A few years ago, we did a post on creative uses of our products. Most of the uses shown were artistic, or functional do-it-yourself projects, with one odd car spoiler modification. This week, I was reviewing some slides in a presentation that I give a few times a year regarding product installation errors. I call them misinstallations, but I’m not sure that’s a word. I thought I’d share a few of the more instructional ones. Most of the photos were curated by our northwestern region training manager, Olga Psomostithis – thanks Olga!
Double Shear Hangers
Double shear hangers require joist fasteners that are long enough to penetrate through the hanger, through the joist and into the header. The joist nails help transfer load from the joist into the header, resulting in higher allowable loads.
The installation shown has had the double shear tabs bent back, and nails installed straight into the joist. Since the joist nails do not penetrate the header, this would result in a reduced capacity.
I’m including the trailer hitch installation because it makes me laugh no matter how many times I see it.
A very common question we get about holdowns is related to posts being offset too far from the anchor bolt (or is the anchor too far from the post?). In the installation shown below, the holdown is not flush with the post as the anchor bolt is offset about 1 inch. For small offsets up to about 1½”, a common solution is to raise the holdown off the sill plate and extend the anchor bolt with a coupler and bend it so there is a small (1:12) slope to it.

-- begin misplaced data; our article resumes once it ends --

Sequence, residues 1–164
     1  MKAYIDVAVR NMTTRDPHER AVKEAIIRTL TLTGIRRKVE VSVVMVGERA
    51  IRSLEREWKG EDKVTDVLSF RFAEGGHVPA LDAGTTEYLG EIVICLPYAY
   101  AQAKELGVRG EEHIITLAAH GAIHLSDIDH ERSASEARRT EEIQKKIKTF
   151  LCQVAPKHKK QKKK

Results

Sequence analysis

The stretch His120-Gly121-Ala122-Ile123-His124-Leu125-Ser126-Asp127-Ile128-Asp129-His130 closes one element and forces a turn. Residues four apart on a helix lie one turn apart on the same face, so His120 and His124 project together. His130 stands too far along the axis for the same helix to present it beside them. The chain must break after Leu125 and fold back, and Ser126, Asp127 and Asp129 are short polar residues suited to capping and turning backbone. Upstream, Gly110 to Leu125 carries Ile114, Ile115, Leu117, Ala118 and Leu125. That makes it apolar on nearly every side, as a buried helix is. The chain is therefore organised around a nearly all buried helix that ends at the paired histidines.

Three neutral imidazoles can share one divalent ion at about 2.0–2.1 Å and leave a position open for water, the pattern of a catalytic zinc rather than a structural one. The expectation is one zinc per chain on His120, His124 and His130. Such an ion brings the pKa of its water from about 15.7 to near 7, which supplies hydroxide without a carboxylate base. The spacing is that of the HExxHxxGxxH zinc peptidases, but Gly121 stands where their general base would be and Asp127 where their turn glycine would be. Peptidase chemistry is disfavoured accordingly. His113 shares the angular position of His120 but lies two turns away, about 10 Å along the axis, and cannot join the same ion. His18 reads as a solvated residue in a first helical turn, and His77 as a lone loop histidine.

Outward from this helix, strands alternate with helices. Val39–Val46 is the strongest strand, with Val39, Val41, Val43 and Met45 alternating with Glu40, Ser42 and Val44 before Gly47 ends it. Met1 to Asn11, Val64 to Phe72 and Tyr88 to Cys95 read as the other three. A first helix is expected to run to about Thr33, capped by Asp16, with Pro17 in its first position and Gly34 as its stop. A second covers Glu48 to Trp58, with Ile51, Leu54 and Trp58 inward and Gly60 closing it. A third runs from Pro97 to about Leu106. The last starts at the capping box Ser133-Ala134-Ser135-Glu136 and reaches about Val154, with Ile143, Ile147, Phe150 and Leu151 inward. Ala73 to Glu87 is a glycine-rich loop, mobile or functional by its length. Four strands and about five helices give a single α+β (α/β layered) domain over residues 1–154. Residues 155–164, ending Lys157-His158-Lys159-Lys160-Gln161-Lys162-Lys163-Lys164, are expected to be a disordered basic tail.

The holdown test standard, ICC-ES AC155, which is discussed in this post, requires that holdowns are tested raised off the test bed, which you can see in the photo below. Holdowns may be raised up to 18” above the top of concrete without a reduction in load provided that the additional elongation of the anchor rod is accounted for.
I like this photo because the installer put on the nail stops to protect the pipes. It is good to remember that plumbing happens when laying out a structural system.
The photo above is not a misinstallation, but something that can happen. Embedded strap-style holdowns are cost-effective solutions for shearwall overturning or wind uplift. It is permitted to bend the straps to horizontal and back to vertical one cycle. If spalls form, they should be evaluated for reduced loads. Any portion of the strap left exposed should be protected against corrosion.
Gaps can occur between trusses and supporting girders for a variety of reasons. For standard hanger tests, a 1/8″ gap is required between the joist and header per ASTM D7147. A resource for evaluating conditions with larger gaps is our technical bulletin Allowable Loads for Joist Hangers with Gaps. The technical bulletin has load data for a variety of hangers with gaps up to 3/8″, as well as recommended repairs for larger gaps. Our HTU product series comprises truss hangers specifically engineered to allow gaps up to ½”.
After going through a design project and carefully selecting the members and details of construction, it can be frustrating as an engineer to get that phone call from the general contractor or building inspector informing you that something is not right with the construction. Understanding some of the resources available to address installation errors can help solve these problems more quickly, and get you back to designing the next project.